How can we square these two propositions? It seems that in the light of the present discussion we are faced with two seemingly opposed world views. The first strongly suggests that we are to mold the environment as we go adapting as we need in a series of best short term return option decisions, while the second thinks that we should attempt to integrate natural systems as best as we can with the knowledge of eco system services so that we can maximize the long term benefits as we understand them today. The former view seeks adaptation to a continuing use of natural systems a an infinite resource, the latter views a resource of systems which is finite and diminishing.
Feralkevin thinks that “Modern ecology tells us that pretty much all ecosystems are recently evolved aggregates. All species invade other places and have their ecosystems invaded. This is the drive of biological diversity. We don’t like certain species for certain reasons, some rational and others not. This points to the understanding that an “invasive” species is not a scientific phenomenon, but a cultural one.” This ties nicely with the next e-mail of the day, “Friendly Invaders” This article appeared in print on September 9, 2008, on page F1 of the New York edition.[ii] Mr. Zimmer writes, “But in a paper published in August in The Proceedings of the National Academy of Sciences, Dov Sax, an ecologist at Brown University, and Steven D. Gaines, a marine biologist at the University of California, Santa Barbara, point out that the invasion has not led to a mass extinction of native plants. The number of documented extinctions of native New Zealand plant species is a grand total of three.”
This rather interesting statement is off-set by an entry on the Wikipedia site: “The ecosystems of Lake Victoria and its surroundings have been badly affected by human influence. In 1954, the Nile perch (Lates niloticus) was first introduced into the lake's ecosystem in an attempt to improve fishery yields of the lake. Introduction efforts intensified during the very early-1960s. The species was present in small numbers until the early to mid-1980s, when it underwent a massive population expansion and came to dominate the fish community and ecology of the world's largest tropical lake. Also introduced was the Nile tilapia (Oreochromis niloticus), now an important food fish for local consumption. The Nile perch (Lates niloticus) proved ecologically and socioeconomically devastating. Together with pollution born of deforestation and overpopulation (of both people and domestic animals), the Nile perch has brought about a massive transformation in the lake's ecosystem and to the disappearance of hundreds of endemic haplochromine cichlid species. Many of these are now presumed to be entirely extinct. A number of other species are extinct in the wild, with populations being maintained in zoos and aquaria, e.g. as part of the Association of Zoos and Aquarium's Species Survival Plan for these species. Some species which were extirpated from Lake Victoria itself, are known to survive in nearby smaller so-called satellite lakes, such as Lake Kyoga, Lake Edward and Lake Albert.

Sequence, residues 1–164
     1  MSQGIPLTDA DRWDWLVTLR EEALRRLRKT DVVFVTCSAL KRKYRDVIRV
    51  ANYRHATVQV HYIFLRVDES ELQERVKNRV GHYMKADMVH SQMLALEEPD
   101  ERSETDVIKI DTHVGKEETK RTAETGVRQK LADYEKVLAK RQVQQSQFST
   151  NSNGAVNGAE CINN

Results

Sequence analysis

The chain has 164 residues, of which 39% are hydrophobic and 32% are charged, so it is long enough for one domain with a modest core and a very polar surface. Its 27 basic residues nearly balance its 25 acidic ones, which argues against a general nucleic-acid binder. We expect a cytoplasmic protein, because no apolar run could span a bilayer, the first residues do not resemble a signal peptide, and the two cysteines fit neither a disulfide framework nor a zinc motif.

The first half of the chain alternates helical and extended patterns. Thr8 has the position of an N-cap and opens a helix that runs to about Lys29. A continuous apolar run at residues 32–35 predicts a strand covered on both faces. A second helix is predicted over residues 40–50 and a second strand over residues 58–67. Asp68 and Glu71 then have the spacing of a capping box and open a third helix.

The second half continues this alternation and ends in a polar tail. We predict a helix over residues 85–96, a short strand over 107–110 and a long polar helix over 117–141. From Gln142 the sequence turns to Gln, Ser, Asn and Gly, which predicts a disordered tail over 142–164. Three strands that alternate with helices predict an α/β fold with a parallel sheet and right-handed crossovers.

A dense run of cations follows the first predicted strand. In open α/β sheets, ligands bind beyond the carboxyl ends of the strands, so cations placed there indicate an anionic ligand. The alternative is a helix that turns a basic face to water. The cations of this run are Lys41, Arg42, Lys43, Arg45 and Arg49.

Also vanished from Lake Victoria is one of two native species of tilapia (another kind of cichlid fish), the Singidia tilapia or ngege (Oreochromis esculentus). The ngege is superior in taste and texture to Nile tilapia, but it does not grow as fast or as large and produces fewer young. Ngege and some representatives of haplochromine diversity survive in minute swamp ponds and lakes that dot the Lake Victoria Basin. The initial good returns on Nile perch catches, at their peak delivering export revenues of several hundred million dollars a year, have diminished dramatically due to poor enforcement of fisheries regulations. The proceeds from Nile perch sales remain an important economic engine in the region, but the resulting wealth is very poorly distributed and the overall balance sheet on the Nile perch introduction to Lake Victoria is well into the red despite the enormous value of the perch landings as an export commodity.
Add to this conversation climate change and the addition of CO2 and the complexities quickly overwhelm the casual observer.
[i] Implications of land-use change on food resource availability for birds : Cora Ann Johnston, Hampshire College, Amherst, MA 01002, 18 December 2006, Advisor: Chris Neil, Collaborator: Brook Brouwer. http://courses.mbl.edu/SES/data/project/2006/johnston.pdf
[ii] CARL ZIMMER, Published: September 8, 2008. http://www.nytimes.com/2008/09/09/science/09inva.html?_r=2&8dpc&oref=slogin&oref=slogin